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18 Again – Friday Fictioneers

Yes siree, it’s time for Friday Fictioneers.  A time where writers of all sorts get together and tell a story inspired by a photo.  This week our hostess, with the mostest, Rochelle Wisoff-Fields, author and illustrator extraordinaire, has chosen one from Al Forbes.  Where does this image take you?  Care to let us know?  Do please click on the blue frog and give us your version!  No? Well, you can still read other fabulous stories anyway!

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©Al Forbes

Genre:  Fiction

Word count:  100

18 Again

Ethel’s rheumy eyes watched the old Model-T tied up on a trailer and was 18 again.

When George pulled up with his “newfangled” car, Daddy near as had a fit.

“Who does he think he is, showing off in that god-awful machine?  Too high and mighty to go ’round in a horse and buggy like regular folk?”

But George had such a charm, he won Daddy over near as quick as he had me!  Next thing you knew, George was teaching Daddy how to drive!

Too bad Daddy wasn’t near as good a driver as George.  Tree came out of nowhere…



86 thoughts on “18 Again – Friday Fictioneers

  1. Very funny Dale and true to life. I remember a policeman congratulating a friend of mine when he came off the road, for managing to hit the only tree for miles around.

    Liked by 1 person

  2. Great story, Dale. My father was born in 1909. He had a great story about running through a fence on his first driving lesson. Those old cars had no gas pedal, just a throttle to set the speed. Thanks for bringing back that memory.

    Liked by 1 person

  3. This is lovely and charming, but I also worried about Dad and George. These days, when a tree jumps at you full frontal, you’re dead. Back then they weren’t that fast… but they didn’t have airbags either. Or seatbelts.

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  4. Very charming, the story as well as George. I liked seeing through Ethel’s eyes and how you immediately make her age and position clear.
    If I can offer a little suggestion, I felt there was a bit of switching about in terms of tenses and pov, that could have been tidied.
    But the story itself is first class. I’m so much enjoying getting to read more stories today. It feels like a while since I’ve read all my favourite authors!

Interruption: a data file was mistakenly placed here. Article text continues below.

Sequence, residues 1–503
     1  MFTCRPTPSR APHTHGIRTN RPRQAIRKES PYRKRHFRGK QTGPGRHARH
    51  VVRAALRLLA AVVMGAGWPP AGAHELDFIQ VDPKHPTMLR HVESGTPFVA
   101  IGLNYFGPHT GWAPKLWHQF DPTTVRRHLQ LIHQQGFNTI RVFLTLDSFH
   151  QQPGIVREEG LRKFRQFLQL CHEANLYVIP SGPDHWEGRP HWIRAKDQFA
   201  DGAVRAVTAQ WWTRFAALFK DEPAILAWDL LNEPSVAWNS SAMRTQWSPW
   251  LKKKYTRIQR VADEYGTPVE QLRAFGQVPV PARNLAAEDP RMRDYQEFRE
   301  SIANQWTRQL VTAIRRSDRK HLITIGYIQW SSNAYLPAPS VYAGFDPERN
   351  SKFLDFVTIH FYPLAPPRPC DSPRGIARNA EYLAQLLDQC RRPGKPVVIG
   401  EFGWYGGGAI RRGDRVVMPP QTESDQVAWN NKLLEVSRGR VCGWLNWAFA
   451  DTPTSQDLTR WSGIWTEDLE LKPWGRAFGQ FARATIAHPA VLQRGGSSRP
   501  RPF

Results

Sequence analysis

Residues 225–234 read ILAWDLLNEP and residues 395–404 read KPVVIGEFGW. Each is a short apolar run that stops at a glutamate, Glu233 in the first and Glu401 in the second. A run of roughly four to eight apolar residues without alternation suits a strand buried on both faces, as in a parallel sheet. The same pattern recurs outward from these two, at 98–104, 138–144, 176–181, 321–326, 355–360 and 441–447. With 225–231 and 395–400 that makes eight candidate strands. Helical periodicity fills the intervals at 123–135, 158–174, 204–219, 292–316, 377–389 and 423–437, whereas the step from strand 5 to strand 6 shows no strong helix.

Liked by 1 person

    • Glad you enjoyed..
      I allowed myself to change the tense as Ethel’s memory would jump back and forth while in the moment…
      Really? You are counting me in your favourite authors? I’m chuffed!


  5. Great story, Dale. Trees will do that. My dad tried to teach my mother to drive in the 1920’s and she ran his car off the road into a field. That was enough for him. She never did learn. Well done. 😀 — Suzanne

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  6. Oh my word, that reminds me of Mister with his sudden acquisition of an MG convertible last year. He said he’d always wanted one and it was now or never. Fortunately all the trees are still standing in our neighbourhood!
    That’s a sweet and funny story, Dale. Am smiling 🙂

    Liked by 1 person

        • Ha ha… It is just a convenient label. Let’s call it a “life-is-short-so-do-it-now” thing… Like that is why I am going to Tuscany!!
          And truly, it is better when they keep a youthful exuberance…Mick was like that and I loved it.

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  7. I had a moment like that during my only accident. I swore the fence posts came out of nowhere. All four of them. It really feels as though the characters been wrenched into a memory. Nicely written.

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  8. I guess that’s just what happens when you’re racing along the highway at nearly 17 m.p.h!

    I loved the story. I’m imagining a happy ending, with Daddy, George and the tree all fine at the end.

    Liked by 1 person

    • I do try, on occasion, to give a little twist! I was surprised that most people didn’t see the death! And that’s a good thing… interpretation of a story. I like it.

      Liked by 1 person

  9. I’m coming in with my 2 cents way too late; but the good news is no one will know! But I want you to know I laughed heartily with the last line! You set it up well and just like the tree, I didn’t see it coming!.

    Liked by 1 person

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